What Kind of Damage Did the Wine Country Fires Leave Behind?
California wildfire season has been especially nightmarish this year. In Wine Country, fires destroyed over 5,000 homes and killed 44 people. Usually by this time of the year, the season would be ramping down as fall showers move in, but this year has been different. Just a few weeks ago, more fires popped up in Southern California. What’s going on? Why are fires still terrorizing the countryside?
Will Northern California Recover from the Wine Country Fires?
Public officials are asking residents in our communities to do their part to prevent wildfires. This includes clearing fire breaks, and making better emergency plans. Officials are even urging residents to connect with community members who may be disabled or otherwise unable to evacuate as easily as others. Including those neighbors in your plans to evacuate could save lives. And with signs that fire season could get longer and more severe in years to come, such plans may become essential.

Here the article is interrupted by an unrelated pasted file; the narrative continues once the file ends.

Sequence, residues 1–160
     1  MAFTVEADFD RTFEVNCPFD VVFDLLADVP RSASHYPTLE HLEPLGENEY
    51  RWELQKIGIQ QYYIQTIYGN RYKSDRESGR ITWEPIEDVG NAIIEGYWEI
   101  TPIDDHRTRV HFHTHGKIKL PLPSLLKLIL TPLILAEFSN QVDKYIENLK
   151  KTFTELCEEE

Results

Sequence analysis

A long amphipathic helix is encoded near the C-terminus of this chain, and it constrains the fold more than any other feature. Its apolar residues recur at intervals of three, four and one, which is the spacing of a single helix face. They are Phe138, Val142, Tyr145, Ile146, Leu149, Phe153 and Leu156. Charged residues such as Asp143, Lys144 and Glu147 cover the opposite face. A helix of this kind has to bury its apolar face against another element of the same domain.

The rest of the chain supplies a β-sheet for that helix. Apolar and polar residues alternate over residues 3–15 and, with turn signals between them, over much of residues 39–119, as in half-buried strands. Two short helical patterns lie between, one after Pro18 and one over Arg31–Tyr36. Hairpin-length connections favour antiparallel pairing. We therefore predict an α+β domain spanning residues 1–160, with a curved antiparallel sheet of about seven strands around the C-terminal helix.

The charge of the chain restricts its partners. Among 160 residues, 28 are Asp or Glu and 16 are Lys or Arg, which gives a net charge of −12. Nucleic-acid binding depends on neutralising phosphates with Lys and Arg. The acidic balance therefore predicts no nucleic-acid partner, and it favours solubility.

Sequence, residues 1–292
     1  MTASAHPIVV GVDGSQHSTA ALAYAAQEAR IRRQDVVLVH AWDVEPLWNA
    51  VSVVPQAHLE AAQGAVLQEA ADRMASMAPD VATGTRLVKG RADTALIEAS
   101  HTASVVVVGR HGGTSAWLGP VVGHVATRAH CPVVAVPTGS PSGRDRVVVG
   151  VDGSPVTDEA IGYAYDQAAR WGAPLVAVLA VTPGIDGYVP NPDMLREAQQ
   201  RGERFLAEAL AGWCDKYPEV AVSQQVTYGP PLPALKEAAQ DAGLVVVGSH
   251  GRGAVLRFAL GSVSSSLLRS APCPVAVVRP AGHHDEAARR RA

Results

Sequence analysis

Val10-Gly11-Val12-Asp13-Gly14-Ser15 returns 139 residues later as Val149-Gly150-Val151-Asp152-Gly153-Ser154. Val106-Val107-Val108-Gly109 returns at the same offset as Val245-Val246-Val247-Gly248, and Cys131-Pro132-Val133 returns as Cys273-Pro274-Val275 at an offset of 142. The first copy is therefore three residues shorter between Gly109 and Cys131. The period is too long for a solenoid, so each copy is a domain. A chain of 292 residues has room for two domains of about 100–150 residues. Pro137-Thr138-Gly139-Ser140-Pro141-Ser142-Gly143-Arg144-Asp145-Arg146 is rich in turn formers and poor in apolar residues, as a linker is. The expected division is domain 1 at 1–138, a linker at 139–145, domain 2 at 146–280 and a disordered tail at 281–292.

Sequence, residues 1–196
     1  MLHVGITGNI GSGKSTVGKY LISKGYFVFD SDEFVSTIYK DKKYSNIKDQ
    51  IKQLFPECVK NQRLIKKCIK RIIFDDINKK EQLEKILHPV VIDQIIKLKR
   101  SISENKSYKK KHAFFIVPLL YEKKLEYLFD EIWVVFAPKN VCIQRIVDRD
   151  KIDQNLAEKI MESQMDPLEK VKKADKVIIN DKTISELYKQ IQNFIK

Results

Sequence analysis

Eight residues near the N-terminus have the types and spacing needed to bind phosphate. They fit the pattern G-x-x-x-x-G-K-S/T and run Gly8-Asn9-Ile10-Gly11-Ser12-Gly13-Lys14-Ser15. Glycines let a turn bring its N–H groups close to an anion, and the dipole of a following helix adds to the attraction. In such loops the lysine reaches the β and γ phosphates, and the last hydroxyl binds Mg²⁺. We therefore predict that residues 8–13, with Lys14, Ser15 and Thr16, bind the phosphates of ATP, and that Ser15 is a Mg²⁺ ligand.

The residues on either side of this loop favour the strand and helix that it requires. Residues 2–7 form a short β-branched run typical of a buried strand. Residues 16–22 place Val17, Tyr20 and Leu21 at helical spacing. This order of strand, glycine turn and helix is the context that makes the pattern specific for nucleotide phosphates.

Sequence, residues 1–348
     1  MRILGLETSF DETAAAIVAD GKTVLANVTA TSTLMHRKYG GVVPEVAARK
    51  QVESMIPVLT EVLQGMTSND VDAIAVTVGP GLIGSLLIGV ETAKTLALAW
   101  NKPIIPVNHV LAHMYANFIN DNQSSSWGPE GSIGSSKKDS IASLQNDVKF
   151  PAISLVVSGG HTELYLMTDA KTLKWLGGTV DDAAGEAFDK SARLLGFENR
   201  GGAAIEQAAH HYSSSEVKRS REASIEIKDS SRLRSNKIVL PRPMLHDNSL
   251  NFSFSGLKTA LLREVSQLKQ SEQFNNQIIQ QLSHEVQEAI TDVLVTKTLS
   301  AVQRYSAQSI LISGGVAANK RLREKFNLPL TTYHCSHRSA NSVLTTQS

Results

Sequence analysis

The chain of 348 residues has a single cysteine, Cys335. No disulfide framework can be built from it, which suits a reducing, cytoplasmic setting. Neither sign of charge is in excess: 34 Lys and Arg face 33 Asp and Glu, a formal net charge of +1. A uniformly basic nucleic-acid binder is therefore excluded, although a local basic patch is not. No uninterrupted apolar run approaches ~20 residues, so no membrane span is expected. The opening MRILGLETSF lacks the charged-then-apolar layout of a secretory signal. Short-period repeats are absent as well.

Experts believe that this wave of fires may be caused by global warning, which is keeping seasonal rains away, extending California’s dry season. This is causing more agencies to ramp up for the potential threat of fire to thousands of homes, but natural causes aren’t the only danger these agencies are worried about.
Many fires in our areas are caused by humans. The Wine Country fires that struck so close to home are suspected to have been caused by the negligence of PG&E, and other man-made sparks could be responsible for the fires terrorizing Los Angeles and San Diego right now. So far, lawsuits have been started to ensure that the responsible parties pay for their part in this tragedy, but even now, residents are having a hard time returning home. For many, the damage is too great, and they can no longer afford to live in their neighborhood.
This means contacting an attorney has become one of the best solution for the many who lost their homes to the rising fire dangers of California. Keep following the attorneys at Mary Alexander and Associates to learn more about other solutions wildfire victims can pursue.